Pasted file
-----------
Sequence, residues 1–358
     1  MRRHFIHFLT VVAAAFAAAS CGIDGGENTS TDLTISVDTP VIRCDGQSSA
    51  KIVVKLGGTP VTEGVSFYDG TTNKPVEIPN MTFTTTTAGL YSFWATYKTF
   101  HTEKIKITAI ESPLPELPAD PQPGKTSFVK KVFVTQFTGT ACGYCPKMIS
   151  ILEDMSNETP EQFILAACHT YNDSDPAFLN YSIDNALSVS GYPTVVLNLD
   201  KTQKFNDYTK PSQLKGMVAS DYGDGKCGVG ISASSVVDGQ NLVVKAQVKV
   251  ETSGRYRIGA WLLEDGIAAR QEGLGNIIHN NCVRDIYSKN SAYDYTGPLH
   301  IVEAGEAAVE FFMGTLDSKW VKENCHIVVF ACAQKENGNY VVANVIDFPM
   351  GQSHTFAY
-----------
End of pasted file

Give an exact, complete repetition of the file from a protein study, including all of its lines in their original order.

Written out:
Sequence, residues 1–358
     1  MRRHFIHFLT VVAAAFAAAS CGIDGGENTS TDLTISVDTP VIRCDGQSSA
    51  KIVVKLGGTP VTEGVSFYDG TTNKPVEIPN MTFTTTTAGL YSFWATYKTF
   101  HTEKIKITAI ESPLPELPAD PQPGKTSFVK KVFVTQFTGT ACGYCPKMIS
   151  ILEDMSNETP EQFILAACHT YNDSDPAFLN YSIDNALSVS GYPTVVLNLD
   201  KTQKFNDYTK PSQLKGMVAS DYGDGKCGVG ISASSVVDGQ NLVVKAQVKV
   251  ETSGRYRIGA WLLEDGIAAR QEGLGNIIHN NCVRDIYSKN SAYDYTGPLH
   301  IVEAGEAAVE FFMGTLDSKW VKENCHIVVF ACAQKENGNY VVANVIDFPM
   351  GQSHTFAY